Ryder Cup 2012: Lionheart Ian Poulter ‘was just like Seve’ – Jose Maria Olazabal
EUROPE’S Ryder Cup-winning captain Jose Maria Olazabal – who landed at Heathrow
yesterday to a hero’s reception – compared the performance of Ian Poulter at Medinah to that of his late countryman Seve Ballesteros.
Olazabal led Europe to a remarkable comeback from 10-4 down to beat the United States on a thrilling final day. Poulter was one of Olazabal’s two wildcard choices for the competition and repaid the faith shown in him by remaining unbeaten over the course of the weekend.
Spaniard Ballesteros, who died in May 2011 from a brain tumour, was part of eight successful Ryder Cup teams and close friend Olazabal believes Englishman Poulter has a similar determination.
Olazabal, who ruled himself out of captaining the team in future Ryder Cups, said: “For whatever reason, this event for him means so much. He thrives in it and I think it brings the best of him on the golf course. That is why he managed to
do what he did on the Saturday afternoon, it was just amazing. In a way, he reminds me a bit of Seve, that intensity, that focus, that will to win the point is very close to Seve.”
Poulter birdied the last five holes of his fourball match with Rory McIlroy against Jason Dufner and Zach Johnson to earn a vital point. Olazabal selected the 36-year-old’s putt on the 18th which clinched that match by one point as his favourite of the event. “The putt Poulter made at the 18th on Saturday was huge. If that didn’t happen we wouldn’t have had a chance going into the final day,” he said. “I was pretty much 99 per cent confident that the ball would go in the hole.”
The European team wore navy and white in a tribute to the late Ballesteros, who captained the team to Ryder Cup glory in 1997, and Olazabal feels Poulter could achieve the same feat in the future. “Well, if he is the captain that is obviously a great thing,” he said. “He will bring the passion but he will need another 12 players like him and that is hard to find. Obviously, he will be a wonderful captain for sure.”
Poulter may be a future Ryder Cup captain, but Olazabal, 46, will not be taking control when the tournament returns in two years at Gleneagles or beyond.
When asked if he would like to captain Europe again, he said: “Yes, in a way, but I can assure you that is going to be a no.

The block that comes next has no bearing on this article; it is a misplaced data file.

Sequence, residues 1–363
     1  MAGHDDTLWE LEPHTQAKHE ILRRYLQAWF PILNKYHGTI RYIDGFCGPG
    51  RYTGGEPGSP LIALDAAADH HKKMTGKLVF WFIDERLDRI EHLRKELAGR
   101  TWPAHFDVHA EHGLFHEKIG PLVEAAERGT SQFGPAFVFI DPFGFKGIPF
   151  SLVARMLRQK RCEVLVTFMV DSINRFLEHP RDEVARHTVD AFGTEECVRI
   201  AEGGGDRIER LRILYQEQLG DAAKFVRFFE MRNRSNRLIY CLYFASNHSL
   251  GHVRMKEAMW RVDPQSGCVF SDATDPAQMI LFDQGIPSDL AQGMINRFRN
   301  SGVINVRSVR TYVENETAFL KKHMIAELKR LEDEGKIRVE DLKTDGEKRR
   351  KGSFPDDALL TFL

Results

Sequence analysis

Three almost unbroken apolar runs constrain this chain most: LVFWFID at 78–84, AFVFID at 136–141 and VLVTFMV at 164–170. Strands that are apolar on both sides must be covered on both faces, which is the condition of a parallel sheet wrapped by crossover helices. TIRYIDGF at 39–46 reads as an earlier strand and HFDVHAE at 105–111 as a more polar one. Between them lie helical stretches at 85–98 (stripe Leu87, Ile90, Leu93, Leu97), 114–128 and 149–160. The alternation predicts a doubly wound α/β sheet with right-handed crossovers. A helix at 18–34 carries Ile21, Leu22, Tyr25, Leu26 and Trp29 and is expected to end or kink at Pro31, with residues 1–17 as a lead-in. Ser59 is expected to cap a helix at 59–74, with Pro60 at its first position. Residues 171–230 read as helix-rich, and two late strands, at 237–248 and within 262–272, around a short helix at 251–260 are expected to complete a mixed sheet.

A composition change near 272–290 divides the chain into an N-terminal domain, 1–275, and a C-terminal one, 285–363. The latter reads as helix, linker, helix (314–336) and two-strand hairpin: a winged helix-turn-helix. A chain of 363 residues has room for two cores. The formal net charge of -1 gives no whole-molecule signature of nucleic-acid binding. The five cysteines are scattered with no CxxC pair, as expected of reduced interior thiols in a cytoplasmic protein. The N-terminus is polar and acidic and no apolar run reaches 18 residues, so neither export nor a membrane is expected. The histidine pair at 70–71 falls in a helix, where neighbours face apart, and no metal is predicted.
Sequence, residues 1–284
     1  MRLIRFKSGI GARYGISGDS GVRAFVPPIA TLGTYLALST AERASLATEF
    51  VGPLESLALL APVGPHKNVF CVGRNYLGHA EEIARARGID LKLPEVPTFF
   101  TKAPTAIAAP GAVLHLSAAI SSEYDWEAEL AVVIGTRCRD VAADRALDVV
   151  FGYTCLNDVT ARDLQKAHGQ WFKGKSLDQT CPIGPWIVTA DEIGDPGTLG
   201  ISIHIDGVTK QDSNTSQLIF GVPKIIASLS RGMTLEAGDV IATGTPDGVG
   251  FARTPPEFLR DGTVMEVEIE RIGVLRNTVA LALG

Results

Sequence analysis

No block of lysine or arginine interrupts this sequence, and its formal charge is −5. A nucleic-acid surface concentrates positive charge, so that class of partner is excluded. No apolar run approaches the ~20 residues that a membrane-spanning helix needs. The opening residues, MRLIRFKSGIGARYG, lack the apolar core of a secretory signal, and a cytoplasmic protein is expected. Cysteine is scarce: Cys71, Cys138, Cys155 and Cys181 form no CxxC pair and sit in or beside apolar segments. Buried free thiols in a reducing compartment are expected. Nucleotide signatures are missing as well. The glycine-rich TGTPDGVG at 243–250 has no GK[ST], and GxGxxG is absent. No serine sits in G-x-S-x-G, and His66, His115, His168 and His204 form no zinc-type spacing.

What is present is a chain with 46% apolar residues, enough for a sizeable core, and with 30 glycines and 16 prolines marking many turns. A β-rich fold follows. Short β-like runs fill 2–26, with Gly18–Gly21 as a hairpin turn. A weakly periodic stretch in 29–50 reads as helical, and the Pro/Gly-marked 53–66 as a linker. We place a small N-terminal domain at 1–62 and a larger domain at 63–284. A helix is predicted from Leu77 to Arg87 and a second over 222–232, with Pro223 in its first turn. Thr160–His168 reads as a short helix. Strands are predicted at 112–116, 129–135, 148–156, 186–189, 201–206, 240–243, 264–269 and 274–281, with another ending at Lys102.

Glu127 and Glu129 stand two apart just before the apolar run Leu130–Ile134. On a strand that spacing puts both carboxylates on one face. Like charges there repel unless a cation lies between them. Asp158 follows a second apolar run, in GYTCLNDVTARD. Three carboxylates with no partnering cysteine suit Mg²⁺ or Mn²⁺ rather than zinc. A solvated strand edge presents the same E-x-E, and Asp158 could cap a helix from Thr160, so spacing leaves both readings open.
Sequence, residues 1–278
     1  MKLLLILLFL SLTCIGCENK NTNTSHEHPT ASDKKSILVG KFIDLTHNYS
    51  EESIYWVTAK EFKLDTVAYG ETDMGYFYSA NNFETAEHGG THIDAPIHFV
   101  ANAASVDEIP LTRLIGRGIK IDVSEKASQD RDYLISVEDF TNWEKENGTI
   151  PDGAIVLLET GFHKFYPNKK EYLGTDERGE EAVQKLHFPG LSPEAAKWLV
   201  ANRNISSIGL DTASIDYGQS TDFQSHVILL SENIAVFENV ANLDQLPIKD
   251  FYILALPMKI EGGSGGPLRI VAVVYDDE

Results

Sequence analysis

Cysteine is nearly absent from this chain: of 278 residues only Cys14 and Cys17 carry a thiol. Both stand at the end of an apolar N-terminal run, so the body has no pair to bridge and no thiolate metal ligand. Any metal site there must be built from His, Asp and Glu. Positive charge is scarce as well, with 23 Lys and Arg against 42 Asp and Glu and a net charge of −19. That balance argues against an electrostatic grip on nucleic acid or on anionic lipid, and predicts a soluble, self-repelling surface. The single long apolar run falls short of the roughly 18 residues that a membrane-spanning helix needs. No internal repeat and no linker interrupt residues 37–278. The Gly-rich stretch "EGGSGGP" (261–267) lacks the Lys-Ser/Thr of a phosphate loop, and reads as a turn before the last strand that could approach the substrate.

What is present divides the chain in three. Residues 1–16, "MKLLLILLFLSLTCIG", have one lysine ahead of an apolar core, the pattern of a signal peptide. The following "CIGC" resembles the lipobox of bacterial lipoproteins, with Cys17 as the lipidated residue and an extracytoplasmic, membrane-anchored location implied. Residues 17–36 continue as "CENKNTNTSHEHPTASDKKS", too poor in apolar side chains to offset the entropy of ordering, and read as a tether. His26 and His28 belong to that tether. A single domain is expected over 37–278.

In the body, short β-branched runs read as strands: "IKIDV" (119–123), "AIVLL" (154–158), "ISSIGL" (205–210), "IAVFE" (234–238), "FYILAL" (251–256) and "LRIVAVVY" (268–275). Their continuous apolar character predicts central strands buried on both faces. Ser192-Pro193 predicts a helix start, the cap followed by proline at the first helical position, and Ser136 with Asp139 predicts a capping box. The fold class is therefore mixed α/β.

Period. I think nowadays, first of all, it is a lot of work and it takes a lot of you during the stretch of time that you are named captain to the playing of the Ryder Cup.
“On top of that, there are a lot of players who should have the opportunity to be in my spot and the Ryder Cup is played only once every two years.”
Although he does not anticipate leading Europe into the next tournament, Olazabal did confirm he would offer any support to the next captain, if it was requested.
He said: “I talked to Seve before he passed away and of course had a few words with Bernhard [Langer] as well. At the end of the day, you know what is in hand. You have to reach the players and try to get the best out of them in the competition. That is all you can do, make life as easy as possible for them during the process. It is up to whoever the captain is at that time. Personally, I believe the captain has to decide what he wants. If he wants to reach out to me and ask for advice, fine, but I’m not going to try and force myself to be part of it, I will just be on the side. It is what I’ve said before, it is a one-time chance and I have had my chance.”
Following a breathless end to the competition, Olazabal was also keen to stress where the potential problems could arise for the next captain. “It takes a lot of time out of you, you have to be in so many places and you have to do so many things and make so many decisions. Just be prepared for that,” he said.
“My main advice would be not listening to what is said on TV during the match or what is written in the newspapers. Everyone has something to say, you have to respect that, but, at the end of the day, it goes down to what the outcome of the match is. That is unfair in a way because, if you lose, you look like you have done a poor job but, if you win, it doesn’t matter what you have done in the week – you are the best man in the world.”
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